On a back shelf in my office, tucked behind some books, sits a very lonely bottle. It has been empty for quite some time, but I haven’t been able to convince myself to let it go as I know I’m not likely to come across another bottle anytime soon – at least not at a price I’m willing to pay. The bottle (a gift from a particularly appreciative client) previously held Pappy Van Winkle Family Reserve 20. It was excellent.
What made this particular hooch so good? That’s hard to say. Certainly the grain bill and the care taken in the distillation come into play. And after twenty years of aging, it was as smooth and mellow as any bourbon I’ve ever enjoyed. But if I’m honest, the scarcity of the bottle probably also influenced my perception of that smoothness.
Aging your product for so long before you pull it out of the barrel that it is almost old enough to drink itself is a significant commitment. And besides patience, that commitment requires quite a lot of capital.
But what if you could get a spirit that was effectively indistinguishable from Pappy Van Winkle 20 (or any other mature spirit) in just a week? One company thinks you can.
Lost Spirits Distillery is seeking patent protection for a device that it claims can take spirits from the still to the equivalent of twenty years in the barrel, in six short days. As you might expect, there are many within the industry that dispute this claim. Many of those skeptics are undoubtedly motivated by concerns that product which may have been aging in rick houses for a decade or two might suddenly be rendered significantly less valuable as a result of this technology. Others may be motivated more by a love of tradition.
But the few who’ve sampled their product suggest that the company’s claims may be correct. And Lost Spirits has gas chromatography and mass spectrometry results which, they believe, provide empirical evidence to show that they can reproduce exactly (or very nearly so) the changes that take place in spirits as they age over twenty years. If this is true, then maybe I’ll be able to get a bottle of “new” Pappy Van Winkle 20 soon and for a reasonable price. I’d like that, but I still have a question. What would this Pappy be called?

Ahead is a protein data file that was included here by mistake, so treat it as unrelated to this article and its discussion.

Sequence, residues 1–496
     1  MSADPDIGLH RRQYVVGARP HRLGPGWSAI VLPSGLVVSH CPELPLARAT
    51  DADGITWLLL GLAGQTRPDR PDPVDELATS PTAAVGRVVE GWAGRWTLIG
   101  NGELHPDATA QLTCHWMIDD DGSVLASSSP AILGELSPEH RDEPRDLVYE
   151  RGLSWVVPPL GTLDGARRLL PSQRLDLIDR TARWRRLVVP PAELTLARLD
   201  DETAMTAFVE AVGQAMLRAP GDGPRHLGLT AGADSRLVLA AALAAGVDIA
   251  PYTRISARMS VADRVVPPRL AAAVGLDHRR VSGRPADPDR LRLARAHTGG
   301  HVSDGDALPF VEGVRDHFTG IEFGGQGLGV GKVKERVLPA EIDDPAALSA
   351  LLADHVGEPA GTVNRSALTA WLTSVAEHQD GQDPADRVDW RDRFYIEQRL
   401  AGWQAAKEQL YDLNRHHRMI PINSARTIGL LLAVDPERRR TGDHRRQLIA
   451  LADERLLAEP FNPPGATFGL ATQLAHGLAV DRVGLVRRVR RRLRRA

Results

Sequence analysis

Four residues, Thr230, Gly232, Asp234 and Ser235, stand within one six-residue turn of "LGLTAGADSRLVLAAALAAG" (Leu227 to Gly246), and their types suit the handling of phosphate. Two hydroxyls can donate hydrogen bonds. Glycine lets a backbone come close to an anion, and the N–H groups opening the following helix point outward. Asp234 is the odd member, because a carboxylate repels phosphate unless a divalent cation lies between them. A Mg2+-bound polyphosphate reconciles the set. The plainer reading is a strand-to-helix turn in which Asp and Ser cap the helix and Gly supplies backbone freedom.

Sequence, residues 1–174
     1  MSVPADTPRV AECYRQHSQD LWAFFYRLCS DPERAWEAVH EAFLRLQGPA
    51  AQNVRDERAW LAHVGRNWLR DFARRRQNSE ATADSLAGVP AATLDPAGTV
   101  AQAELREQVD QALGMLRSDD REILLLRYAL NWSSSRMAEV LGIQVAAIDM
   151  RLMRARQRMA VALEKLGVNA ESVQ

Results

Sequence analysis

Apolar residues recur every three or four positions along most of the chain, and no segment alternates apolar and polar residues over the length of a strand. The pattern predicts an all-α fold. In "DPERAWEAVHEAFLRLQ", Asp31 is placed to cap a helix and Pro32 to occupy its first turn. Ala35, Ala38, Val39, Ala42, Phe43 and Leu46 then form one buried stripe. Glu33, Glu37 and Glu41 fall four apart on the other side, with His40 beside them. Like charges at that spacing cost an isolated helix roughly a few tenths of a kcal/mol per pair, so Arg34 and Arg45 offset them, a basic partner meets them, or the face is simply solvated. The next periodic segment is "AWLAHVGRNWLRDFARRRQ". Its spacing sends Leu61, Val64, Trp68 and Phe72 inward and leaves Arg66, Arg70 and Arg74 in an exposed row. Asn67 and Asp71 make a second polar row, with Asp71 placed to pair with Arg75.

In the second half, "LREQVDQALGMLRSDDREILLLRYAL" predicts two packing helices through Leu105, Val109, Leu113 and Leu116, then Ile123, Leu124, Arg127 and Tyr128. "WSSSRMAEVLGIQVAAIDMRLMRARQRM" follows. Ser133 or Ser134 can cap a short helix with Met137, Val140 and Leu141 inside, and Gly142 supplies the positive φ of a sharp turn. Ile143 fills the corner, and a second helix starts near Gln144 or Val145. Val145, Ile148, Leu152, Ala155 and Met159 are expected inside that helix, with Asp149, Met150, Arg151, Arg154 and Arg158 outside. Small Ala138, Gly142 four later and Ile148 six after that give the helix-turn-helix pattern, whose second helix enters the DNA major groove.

Under the rules of the TTB, certain types of spirits can only be called by certain names if they’re produced using certain methods. Pappy – for example – can only be called “bourbon whisky” if it has been aged in charred new oak containers. And Pappy Van Winkle 20 can’t be called “20 years old” unless it has actually been aged in those same charred oak barrels for at least 20 years. This is a conundrum.
A particular ale drinker several hundred years ago wrote that a “rose by any other name would smell as sweet.” Presumably that same bard would believe that a bourbon by any other name would taste as good. But how would consumers feel if that rose or that bourbon couldn’t be labeled with its proper name? And more to the point, what is to be done with regulatory requirements that fail to keep pace with technological change. If Lost Spirits has indeed managed to crack the code and we can now age spirits 20 years in a matter of days, then consumers presumably stand to benefit from this development. And, since the thrust of the TTB’s regulatory charge is essentially one of consumer protection, why should the TTB require adherence to traditional aging practices which have the effect of increasing consumer costs?
Going forward, if Lost Spirits (or any one of the several other companies trying to achieve the holy grail of rapid aging of spirits) succeeds in its quest, I believe the TTB will be required to take a fresh look at these regulations. At that time, we should anticipate a lobbying battle pitting established market participants with many millions of dollars of product peacefully aging in barrels against market upstarts with shiny new gadgets that bombard the spirits with all manner of techno-wizardry to produce the same effect. This is, of course, essentially a generational battle. It promises to be exciting.